Saudi Arabia, Russia in secret pact to lower oil prices?

What’s behind oil’s surge?

Former Exxon Arabian Gulf President Jerry Bailey discusses his outlook for oil.

Oil prices remain firm on Iran sanctions, with both West Texas Intermediate crude oil, the U.S. benchmark, and Brent crude, the international benchmark, trading at multiyear highs.

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Brent is trading comfortably over $80 a barrel. Commodity trading company Trafigura forecast Brent crude oil could hit $100 by the end of the year, and Bank of America isn’t far behind with a $95 price forecast, although for the second quarter of 2019.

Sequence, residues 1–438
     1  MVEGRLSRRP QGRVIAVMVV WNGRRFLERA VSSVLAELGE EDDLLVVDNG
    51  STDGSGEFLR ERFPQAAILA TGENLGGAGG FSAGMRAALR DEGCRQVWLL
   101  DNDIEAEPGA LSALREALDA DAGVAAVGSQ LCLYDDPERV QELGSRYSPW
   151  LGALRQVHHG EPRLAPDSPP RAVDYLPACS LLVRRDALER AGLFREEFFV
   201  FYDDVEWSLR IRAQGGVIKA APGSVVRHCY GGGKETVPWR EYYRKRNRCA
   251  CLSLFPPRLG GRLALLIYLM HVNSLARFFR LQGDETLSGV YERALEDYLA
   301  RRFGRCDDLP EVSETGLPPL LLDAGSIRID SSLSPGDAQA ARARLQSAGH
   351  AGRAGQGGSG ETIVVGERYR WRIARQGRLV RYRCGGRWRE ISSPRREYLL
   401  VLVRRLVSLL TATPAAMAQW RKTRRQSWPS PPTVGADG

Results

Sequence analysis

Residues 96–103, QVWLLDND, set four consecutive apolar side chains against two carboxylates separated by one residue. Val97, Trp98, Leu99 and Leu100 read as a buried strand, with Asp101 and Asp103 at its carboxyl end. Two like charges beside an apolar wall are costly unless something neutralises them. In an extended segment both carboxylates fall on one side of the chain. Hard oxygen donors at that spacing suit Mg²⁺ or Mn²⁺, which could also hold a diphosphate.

Driving oil higher is a supply pinch as Iranian oil buyers like South Korea and India have started to scale back purchases ahead of the implementation of U.S. sanctions against Iran despite some sentiment that the sanctions won’t stick.

The climb in oil prices comes even as Saudi Arabia reported, according to Reuters, that its oil production is near a record.

Also, Russia and Saudi Arabia reportedly struck a private deal in September to raise oil output to reduce prices, and informed the United States about this move before a meeting in Algiers with other oil producers.

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Sources told Reuters that Saudi Energy Minister Khalid al-Falih and his Russian counterpart Alexander Novak agreed to hike production during a series of meetings.

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